Justice Kavuma’s ruling a test for the Judiciary

The deputy Chief Justice Stephen Kavuma has done it again: This time banning formal inquiries into questionable bonus payments to 42 bureaucrats from oil tax windfall

Wednesday January 11 2017

Justice Steven Kavuma at the Constitutional Court recently

Justice Steven Kavuma at the Constitutional Court recently. File photo 

By Editorial

The deputy Chief Justice Stephen Kavuma has done it again: This time banning formal inquiries into questionable bonus payments to 42 bureaucrats from oil tax windfall.

“An interim order is hereby issued restraining Parliament, any person or authority from investigating, questioning or inquiring into the impugned bonus payments and or staying all proceedings of whatever nature...,” he ruled on Monday.

We define the key words in the gag order to frame the issues: Investigating, which is the act of examining something carefully to find the truth; questioning or asking to seek information; and, inquiring, which means looking to know something (new).

The message to decode from Kavuma’s pronouncement is, therefore, that the truth be suppressed and no human being, except himself, says or does anything, legal or otherwise, about the Shs6 billion doled out!

Pragmatically, the order, as it is, is inoperable. Justice Kavuma does not hold or cannot purport to possess an extraterritorial jurisdiction for universal applicability of his order. In the alternative, we reject his odd attempt to arrogate himself the power to take away constitutionally-guaranteed citizens’ rights to discuss how their tax money is used.

The framers of our Constitution foresaw the risk of abuse and chose, in good wisdom, to separate the powers and functions of the three arms of government --- Executive, Legislature and Judiciary --- so that they complement and counter-check each other.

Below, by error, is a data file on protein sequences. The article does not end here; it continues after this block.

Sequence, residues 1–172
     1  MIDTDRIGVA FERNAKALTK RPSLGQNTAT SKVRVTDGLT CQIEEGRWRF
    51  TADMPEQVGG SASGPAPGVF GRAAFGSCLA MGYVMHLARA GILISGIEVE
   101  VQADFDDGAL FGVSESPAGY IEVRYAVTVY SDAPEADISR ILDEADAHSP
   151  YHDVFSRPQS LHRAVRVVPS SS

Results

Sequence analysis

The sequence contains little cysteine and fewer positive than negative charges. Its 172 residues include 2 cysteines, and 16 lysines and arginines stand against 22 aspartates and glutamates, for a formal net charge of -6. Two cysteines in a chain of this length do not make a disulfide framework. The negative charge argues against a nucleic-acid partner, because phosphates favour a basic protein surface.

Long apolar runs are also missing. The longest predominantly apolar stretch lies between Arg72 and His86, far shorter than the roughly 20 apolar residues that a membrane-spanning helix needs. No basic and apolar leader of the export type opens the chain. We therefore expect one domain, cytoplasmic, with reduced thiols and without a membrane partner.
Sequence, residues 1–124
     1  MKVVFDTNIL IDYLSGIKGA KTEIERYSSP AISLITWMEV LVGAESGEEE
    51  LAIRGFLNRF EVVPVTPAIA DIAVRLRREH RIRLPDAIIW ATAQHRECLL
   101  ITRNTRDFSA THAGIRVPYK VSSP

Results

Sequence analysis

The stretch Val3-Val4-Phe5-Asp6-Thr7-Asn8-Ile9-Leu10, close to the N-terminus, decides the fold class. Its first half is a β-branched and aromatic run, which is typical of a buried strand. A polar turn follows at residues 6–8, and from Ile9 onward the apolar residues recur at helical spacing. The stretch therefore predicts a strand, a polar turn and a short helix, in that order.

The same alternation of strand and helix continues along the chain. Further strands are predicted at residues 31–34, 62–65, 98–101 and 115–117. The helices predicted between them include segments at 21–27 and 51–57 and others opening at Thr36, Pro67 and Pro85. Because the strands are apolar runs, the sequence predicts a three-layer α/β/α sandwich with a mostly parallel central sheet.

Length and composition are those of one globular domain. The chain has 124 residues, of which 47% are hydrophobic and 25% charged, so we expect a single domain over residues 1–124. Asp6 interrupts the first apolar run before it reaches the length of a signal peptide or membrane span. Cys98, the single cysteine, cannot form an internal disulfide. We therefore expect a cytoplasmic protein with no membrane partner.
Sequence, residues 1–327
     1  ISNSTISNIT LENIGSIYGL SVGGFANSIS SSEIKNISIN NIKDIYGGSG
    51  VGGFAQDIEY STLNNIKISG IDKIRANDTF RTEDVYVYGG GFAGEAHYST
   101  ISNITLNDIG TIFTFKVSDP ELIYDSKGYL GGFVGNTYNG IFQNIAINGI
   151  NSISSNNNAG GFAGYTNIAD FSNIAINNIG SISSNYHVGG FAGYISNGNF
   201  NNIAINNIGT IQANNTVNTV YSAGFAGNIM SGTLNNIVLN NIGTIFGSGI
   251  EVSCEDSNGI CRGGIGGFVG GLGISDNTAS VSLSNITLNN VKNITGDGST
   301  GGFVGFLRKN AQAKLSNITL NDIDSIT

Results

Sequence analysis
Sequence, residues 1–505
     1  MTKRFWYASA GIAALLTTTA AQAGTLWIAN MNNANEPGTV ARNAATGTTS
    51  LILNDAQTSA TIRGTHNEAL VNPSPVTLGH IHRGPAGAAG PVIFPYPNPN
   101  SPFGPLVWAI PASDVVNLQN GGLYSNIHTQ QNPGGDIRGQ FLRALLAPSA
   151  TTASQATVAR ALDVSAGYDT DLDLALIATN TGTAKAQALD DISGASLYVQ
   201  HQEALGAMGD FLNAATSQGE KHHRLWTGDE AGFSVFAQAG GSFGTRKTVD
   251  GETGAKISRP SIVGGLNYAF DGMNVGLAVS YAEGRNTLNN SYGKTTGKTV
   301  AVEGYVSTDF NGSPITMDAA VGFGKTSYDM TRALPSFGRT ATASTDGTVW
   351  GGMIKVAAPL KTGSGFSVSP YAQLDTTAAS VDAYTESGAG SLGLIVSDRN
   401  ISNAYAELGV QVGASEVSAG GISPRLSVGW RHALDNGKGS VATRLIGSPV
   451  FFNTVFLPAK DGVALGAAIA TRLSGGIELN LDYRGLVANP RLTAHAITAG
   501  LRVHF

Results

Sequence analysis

It is Parliament’s constitutional mandate to appropriate public resources and provide oversight on spending.
As such, we stand with our legislators in their quest to establish the truth about expending billions of shillings to enrich a few individuals instead of providing services that benefit all.

It is unfathomable that Uganda’s deputy Chief Justice could base on a petition by an Electoral Commission employee, peculiarly more aggrieved than the recipients, to unilaterally prohibit debate on the controversial payout.

This is intriguing after the judge’s contested May 2016 order banning the Opposition’s defiance campaign.
Such decisions upend logic, degrade level-headedness and sully the reputation of the Judiciary.

We make a clarion call to Chief Justice Bart Katureeba to ensure the institution he heads promotes, not undermines, the rule of law. Courts should remain temples of justice and not seek to clothe impunity in judicial garbs.

Our President’s action(s) can, and should be examined by Parliament, for the former US President Theodore Roosevelt wrote in 1926 that: “…to announce that there must be no criticism of the President, or that we are to stand by the President, right or wrong, is not only unpatriotic and servile, but is morally treasonable to the American public.”

The issue: Deputy Chief Justice Stephen Kavuma’s ruling.
Our view: We make a clarion call to Chief Justice Bart Katureeba to ensure the institution he heads promotes, not undermines, the rule of law.


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